• 2 cloves garlic, skinned and grated
  • 1 tbsp toasted sesame seeds
  • 4 walnut halves, finely chopped
  • 1 tbsp sugar
  • 2 tbsp lemon juice, freshly squeezed
  • 1 tbsp sil kochu (Korean hot red pepper threads)
  • 1 oz fresh ginger, skinned and grated
  • 1 tbsp sil kochu (Korean hot red pepper threads), for garnish

Trim the ends off the cucumbers and cut into 2-inch pieces. Stand on the cut side up and carefully make a crisscross cut 2/3 way down. In a large bowl, arrange the cucumbers upright in one layer, sliced side up. Sprinkle the sea salt evenly over the cucumbers and let stand for about 30 minutes. Pat dry, being careful not to break apart the pieces. Set aside. In another bowl, combine all the ingredients for the stuffing and toss well. Carefully stuff the mixture into each cucumber slit. Pack the cucumbers in two or three layers, stuffed side up, in a sterilized 3-quart jar with a screw-top lid. Add a little water to the bowl to mix with the remaining bits and pieces of the stuffing and pour over the kimchi.

Close the jar lid tight and double wrap in plastic bags. Let mature at room temperature for 2–3 days, then store in the refrigerator. They stay fresh for at least a week or more. Oi sobaegi kimchi may also be eaten fresh, before fermentation. Garnish with si kochu and serve.

Adapted from Hi Soo Shin Hepinstall, Growing Up in a Korean Kitchen: A Cookbook (Berkeley: Ten Speed Press, 2001).



Kimchi Ch’un (Pancakes Made with Kimchi)
Recipe by Hi Soo Shin Hepinstall

  • 1 cup whole cabbage kimchi, stem part, firmly packed
  • 2 tbsp sesame oil
  • 1 egg, lightly beaten
  • 1½ cups ice cold water
  • 2 tbsp sweet-rice flour
  • 1½ cup all-purpose flour
  • 3 large sweet green onions, white and pale green part only, finely minced
  • ½ cup scallops, chopped
  • 5 tbsp olive oil for cooking

Wearing rubber gloves, shake off the stuffing from the kimchi and wrap in a paper towel. Lightly squeeze out most of the liquid and chop into fine dices. In a medium mixing bowl, add kimchi and sesame oil. Mix well. Then, add egg, ice water, flour, and green onions and scallops. Mix all lightly with a pair of chopsticks. Set aside.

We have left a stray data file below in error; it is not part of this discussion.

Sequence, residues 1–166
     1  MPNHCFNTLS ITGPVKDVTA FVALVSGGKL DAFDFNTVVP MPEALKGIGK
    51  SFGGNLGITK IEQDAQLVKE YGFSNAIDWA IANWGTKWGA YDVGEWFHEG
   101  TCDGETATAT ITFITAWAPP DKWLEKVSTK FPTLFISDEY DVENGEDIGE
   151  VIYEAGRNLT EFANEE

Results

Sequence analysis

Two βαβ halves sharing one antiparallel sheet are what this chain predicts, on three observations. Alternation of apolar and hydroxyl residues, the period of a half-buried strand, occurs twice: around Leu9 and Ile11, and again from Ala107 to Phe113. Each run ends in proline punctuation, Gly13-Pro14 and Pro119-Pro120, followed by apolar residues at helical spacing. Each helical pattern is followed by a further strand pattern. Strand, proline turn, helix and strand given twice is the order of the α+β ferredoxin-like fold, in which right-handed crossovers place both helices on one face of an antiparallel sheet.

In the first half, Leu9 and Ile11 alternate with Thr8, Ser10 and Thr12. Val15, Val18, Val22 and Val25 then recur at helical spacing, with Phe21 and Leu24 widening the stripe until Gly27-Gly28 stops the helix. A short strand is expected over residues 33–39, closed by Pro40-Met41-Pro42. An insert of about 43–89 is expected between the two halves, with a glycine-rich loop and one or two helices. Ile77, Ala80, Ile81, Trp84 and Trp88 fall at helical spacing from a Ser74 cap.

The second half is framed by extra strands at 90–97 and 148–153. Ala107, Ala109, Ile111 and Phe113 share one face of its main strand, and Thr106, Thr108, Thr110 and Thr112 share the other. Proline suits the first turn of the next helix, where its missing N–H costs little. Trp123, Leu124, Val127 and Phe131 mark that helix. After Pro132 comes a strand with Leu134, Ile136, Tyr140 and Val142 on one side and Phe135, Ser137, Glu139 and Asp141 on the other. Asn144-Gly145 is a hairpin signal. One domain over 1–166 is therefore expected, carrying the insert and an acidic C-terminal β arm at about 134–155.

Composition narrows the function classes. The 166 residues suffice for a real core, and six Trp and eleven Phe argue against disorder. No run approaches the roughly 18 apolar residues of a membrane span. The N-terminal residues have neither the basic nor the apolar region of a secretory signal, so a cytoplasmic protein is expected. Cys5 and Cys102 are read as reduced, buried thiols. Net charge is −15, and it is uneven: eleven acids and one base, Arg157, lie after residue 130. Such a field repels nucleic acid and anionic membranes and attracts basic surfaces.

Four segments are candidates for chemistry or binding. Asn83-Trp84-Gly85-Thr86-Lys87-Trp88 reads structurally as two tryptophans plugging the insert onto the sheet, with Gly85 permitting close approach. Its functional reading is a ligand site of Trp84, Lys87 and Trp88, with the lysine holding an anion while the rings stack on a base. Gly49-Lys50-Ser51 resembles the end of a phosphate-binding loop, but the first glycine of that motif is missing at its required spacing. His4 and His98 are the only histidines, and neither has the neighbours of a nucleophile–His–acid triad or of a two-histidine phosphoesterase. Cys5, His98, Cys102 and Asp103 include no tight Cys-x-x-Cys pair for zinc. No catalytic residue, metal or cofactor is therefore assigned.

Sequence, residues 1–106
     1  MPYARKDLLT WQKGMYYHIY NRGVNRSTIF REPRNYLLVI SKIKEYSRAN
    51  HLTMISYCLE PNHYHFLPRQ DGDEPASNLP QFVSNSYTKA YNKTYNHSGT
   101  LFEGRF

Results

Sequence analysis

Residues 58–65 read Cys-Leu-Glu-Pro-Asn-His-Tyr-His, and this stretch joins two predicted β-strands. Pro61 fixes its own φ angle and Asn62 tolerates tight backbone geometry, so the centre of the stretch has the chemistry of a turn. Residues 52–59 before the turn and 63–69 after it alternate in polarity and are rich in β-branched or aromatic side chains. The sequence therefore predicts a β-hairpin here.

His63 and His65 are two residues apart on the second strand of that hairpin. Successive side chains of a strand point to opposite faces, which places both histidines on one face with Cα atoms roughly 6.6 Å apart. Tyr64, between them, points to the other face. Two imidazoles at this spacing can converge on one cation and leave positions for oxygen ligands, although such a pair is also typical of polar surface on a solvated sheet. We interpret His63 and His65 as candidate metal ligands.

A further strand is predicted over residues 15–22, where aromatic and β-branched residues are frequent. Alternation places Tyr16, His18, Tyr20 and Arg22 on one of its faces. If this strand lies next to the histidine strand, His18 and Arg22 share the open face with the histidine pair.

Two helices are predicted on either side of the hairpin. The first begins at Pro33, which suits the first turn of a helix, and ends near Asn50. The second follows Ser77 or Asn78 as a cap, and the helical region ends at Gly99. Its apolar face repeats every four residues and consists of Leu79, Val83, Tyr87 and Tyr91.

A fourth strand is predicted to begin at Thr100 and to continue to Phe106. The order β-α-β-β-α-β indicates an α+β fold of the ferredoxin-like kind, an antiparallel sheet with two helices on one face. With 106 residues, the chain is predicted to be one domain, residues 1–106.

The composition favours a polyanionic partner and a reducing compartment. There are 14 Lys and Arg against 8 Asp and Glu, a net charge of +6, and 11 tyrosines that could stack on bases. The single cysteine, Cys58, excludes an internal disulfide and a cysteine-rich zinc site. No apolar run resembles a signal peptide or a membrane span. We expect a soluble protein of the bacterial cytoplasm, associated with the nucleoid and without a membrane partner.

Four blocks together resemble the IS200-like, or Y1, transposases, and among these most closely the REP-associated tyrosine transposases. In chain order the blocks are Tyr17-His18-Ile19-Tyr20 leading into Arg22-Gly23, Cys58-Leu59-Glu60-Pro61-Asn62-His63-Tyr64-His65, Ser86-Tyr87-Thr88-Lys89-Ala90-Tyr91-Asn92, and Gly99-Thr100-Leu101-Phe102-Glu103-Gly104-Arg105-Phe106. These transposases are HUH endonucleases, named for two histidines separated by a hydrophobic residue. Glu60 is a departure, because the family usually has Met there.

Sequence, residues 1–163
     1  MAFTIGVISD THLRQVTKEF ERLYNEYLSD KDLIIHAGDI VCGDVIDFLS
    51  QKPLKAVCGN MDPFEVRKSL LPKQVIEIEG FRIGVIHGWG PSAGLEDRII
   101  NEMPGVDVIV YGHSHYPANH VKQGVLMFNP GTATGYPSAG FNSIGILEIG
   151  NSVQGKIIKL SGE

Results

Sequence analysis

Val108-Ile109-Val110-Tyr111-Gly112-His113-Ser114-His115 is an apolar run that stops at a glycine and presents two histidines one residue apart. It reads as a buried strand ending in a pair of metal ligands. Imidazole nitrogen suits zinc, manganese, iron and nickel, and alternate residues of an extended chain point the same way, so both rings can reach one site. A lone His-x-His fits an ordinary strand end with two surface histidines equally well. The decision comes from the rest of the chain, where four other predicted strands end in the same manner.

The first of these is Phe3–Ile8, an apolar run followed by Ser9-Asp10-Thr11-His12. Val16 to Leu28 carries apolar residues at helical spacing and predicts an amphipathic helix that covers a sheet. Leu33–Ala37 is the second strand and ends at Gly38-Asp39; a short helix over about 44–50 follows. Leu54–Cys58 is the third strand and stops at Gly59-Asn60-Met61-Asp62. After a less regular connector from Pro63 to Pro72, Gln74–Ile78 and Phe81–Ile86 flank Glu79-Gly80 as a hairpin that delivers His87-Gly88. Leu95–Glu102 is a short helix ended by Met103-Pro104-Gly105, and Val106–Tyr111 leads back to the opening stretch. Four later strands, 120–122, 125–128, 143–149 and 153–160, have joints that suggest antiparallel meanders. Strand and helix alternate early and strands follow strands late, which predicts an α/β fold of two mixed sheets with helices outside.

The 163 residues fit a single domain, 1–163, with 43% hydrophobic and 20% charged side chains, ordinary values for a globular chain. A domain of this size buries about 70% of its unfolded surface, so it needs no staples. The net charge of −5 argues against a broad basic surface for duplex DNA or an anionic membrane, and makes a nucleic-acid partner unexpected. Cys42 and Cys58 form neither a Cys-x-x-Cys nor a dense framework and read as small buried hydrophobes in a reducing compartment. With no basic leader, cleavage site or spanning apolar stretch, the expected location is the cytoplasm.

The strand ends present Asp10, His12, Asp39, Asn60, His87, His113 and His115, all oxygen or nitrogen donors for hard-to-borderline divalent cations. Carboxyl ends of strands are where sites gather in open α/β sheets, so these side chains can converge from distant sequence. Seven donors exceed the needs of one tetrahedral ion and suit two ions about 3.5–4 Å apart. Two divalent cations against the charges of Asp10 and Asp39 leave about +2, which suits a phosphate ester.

In a large cast-iron or nonstick skillet, heat 1 tbsp olive oil over high heat until very hot. Drop one-third of the kimchi batter in the skillet to make one large thin pancake. Cook for about 2 minutes, or until the edges turn brown and crispy. Flip it over, add ½ tbsp olive oil around the pancake, and cook for 1 minute, flattening and shaping it with a spatula. Flip again and cook for ½ minute, to restore crispiness. Transfer the finished pancake to a tray. Repeat with the remaining oil and batter, making 3 pancakes, each about 8 inches in diameter. Transfer the pancakes to a cutting board and, with a sharp knife, slice into wedges or squares. Serve with Korean Allspice dipping Sauce.

Adapted from Hi Soo Shin Hepinstall, Growing Up in a Korean Kitchen: A Cookbook (Berkeley: Ten Speed Press, 2001).



Pork Bulgogi over Rice
Recipe by Soyun Shim

  • 1 lb pork blade, sliced very thin—like ham
  • 1 tbsp garlic, minced
  • 4 tbsp soy sauce
  • 2 tbsp sugar
  • 1 tsp ginger, crushed
  • 3 tbsp red pepper paste
  • 1 tbsp cooking wine
  • 2 tbsp sesame oil
  • 1 onion
  • 2 cups cooked rice, short grain

Mix pork with all ingredients (except onion) and let sit about 20–30 minutes. Stir-fry mixture with the onion. Serve hot over rice.



Click to enlarge

Hi Soo Shin Hepinstall

Soyun Shim